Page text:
In Britain this week we have had scientists at Imperial College warning that levels of antibodies in the population are dropping away fast, with only 4.4 per cent of the population showing them in September – far short of the 60 to 70 per cent government scientists believe is required for the epidemic to die away thanks to herd immunity. But it is a different story in South Africa, where two of the country’s leading virologists believe that parts of the country have achieved herd immunity.
Speaking to Sky news, Marvin Hsiao of the University of Cape Town, said he couldn’t explain why infections in South Africa – which was one of the worst-affected countries in the world in the middle of the year – suddenly plummeted at the end of July. It only made sense, he said, when tests revealed much higher levels of antibodies in the population than had been believed. In Cape Town, he says, tests on pregnant women revealed that 40 per cent of them had been infected with the virus, most of whom had never developed symptoms and had no idea they were infected. Similar testing in Gauteng province, which includes Johannesburg, revealed that a third of people had been infected.
While this is still lower than many epidemiologists believe necessary to establish a level of herd immunity, others believe that it might be achieved at much lower than 60 to 70 percent.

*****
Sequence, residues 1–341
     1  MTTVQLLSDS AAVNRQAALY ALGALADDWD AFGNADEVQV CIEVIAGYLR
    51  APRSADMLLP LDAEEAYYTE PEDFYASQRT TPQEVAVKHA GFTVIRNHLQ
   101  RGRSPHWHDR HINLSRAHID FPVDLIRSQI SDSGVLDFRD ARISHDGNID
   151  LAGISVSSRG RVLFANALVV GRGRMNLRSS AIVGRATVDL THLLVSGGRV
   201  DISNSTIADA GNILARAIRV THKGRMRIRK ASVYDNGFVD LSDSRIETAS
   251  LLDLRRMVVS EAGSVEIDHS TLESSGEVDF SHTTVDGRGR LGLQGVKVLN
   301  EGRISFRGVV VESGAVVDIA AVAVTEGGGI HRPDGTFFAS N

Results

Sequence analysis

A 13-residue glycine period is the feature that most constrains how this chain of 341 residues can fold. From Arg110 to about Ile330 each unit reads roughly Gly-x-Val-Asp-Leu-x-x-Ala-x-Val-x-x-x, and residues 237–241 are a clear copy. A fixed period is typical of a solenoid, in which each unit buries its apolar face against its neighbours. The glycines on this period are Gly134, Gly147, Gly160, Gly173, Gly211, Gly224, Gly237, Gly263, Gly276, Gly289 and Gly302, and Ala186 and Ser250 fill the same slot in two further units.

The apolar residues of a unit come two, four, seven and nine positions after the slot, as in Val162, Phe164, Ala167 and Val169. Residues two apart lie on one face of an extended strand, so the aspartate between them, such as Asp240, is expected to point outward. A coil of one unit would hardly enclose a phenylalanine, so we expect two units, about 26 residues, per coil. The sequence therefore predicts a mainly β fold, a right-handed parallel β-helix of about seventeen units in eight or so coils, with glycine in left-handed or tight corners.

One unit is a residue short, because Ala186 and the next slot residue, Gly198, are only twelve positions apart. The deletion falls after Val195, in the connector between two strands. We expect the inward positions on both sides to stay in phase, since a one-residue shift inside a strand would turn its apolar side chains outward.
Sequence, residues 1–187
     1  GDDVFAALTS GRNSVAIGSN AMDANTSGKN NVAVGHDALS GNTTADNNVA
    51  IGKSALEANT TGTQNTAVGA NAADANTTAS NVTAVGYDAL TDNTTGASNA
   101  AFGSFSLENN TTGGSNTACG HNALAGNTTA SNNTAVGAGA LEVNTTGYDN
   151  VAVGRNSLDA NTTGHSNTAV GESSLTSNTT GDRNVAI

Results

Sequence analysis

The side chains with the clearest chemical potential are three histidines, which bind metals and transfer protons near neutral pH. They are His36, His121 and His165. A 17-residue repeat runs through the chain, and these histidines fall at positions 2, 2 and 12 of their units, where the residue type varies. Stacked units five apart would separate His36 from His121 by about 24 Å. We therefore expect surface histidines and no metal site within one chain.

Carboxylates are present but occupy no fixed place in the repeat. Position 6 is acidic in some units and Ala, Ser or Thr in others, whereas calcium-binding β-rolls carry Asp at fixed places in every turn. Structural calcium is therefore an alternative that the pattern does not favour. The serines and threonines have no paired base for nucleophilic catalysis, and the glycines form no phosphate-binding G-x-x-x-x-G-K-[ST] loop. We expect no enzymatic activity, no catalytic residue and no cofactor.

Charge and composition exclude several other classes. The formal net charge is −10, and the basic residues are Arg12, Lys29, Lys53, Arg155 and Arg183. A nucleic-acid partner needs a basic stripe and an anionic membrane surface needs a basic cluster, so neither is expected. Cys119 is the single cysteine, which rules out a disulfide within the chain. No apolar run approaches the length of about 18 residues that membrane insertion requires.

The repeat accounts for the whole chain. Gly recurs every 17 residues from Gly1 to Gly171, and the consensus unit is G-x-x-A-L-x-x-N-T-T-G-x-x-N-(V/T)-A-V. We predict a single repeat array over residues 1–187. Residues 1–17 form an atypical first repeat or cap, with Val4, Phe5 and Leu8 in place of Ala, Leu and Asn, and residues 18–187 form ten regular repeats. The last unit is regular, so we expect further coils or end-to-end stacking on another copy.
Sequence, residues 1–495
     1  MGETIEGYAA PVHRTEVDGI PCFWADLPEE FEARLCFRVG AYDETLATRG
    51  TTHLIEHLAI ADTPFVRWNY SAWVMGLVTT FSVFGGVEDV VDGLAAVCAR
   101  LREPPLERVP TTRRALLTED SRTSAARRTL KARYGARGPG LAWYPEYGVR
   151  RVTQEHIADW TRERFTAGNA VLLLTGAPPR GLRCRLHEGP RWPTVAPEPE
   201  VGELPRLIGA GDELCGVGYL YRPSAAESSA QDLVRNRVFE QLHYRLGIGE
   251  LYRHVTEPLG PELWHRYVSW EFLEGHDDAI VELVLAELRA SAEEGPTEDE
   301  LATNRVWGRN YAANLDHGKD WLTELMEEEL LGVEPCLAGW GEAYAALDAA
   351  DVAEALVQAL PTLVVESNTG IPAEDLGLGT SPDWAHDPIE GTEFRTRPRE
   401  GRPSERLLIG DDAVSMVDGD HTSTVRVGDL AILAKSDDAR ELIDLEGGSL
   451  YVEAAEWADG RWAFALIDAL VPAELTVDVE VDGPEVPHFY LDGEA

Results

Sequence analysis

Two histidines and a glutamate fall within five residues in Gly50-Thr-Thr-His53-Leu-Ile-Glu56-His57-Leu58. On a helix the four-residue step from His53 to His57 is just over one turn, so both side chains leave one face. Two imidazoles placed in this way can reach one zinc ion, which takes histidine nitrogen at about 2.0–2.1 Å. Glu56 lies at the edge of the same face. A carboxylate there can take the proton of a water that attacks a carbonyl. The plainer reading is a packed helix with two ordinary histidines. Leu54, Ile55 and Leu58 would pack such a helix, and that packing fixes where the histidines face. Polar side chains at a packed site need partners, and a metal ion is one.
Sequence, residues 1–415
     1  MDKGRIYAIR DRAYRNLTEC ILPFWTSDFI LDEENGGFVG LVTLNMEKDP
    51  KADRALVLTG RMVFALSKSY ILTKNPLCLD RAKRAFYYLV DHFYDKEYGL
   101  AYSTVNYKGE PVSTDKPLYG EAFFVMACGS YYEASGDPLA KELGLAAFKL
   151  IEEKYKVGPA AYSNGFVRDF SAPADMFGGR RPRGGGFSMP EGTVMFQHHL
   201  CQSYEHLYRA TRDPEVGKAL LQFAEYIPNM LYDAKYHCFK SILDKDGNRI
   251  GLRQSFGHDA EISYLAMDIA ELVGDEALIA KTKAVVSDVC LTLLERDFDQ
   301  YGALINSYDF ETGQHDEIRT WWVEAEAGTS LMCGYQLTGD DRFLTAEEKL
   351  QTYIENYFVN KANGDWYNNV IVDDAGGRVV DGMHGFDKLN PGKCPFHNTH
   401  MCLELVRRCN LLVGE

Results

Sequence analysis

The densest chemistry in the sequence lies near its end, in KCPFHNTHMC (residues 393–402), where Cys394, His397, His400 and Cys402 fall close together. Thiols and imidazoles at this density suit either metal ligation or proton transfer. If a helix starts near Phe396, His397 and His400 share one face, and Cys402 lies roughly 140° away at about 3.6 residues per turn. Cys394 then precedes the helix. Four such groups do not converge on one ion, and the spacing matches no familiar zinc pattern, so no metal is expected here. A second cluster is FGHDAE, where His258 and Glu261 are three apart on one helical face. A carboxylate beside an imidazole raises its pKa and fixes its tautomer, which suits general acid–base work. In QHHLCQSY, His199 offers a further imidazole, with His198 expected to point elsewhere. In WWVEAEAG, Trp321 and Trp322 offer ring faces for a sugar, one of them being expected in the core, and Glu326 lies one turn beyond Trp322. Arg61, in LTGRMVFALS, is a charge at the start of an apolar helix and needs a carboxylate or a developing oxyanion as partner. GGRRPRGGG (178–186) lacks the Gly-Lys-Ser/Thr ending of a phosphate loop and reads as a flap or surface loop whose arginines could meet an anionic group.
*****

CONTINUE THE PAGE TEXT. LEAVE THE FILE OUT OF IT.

The South African experience echoes that of the Brazilian city of Manaus, where a runaway Covid epidemic seemed to die away once 20 per cent of the population had been infected.
Ironically, Shabir Mahdi, professor of vaccinology at the University of Witwatersrand, believes that South Africa’s strict lockdown might inadvertently have spread the virus and led to the development of herd immunity. Social distancing proved impossible in many closely-packed settlements, he said, and forcing people to queue for everything promoted even more social contact than usual.
Officially, South Africa has recorded 717,000 confirmed cases of Covid-19 deaths and 19,053 deaths. Its death rate, at 320 per million people, is less than half Britain’s death rate of 671 per million – although it has a very different demographic profile.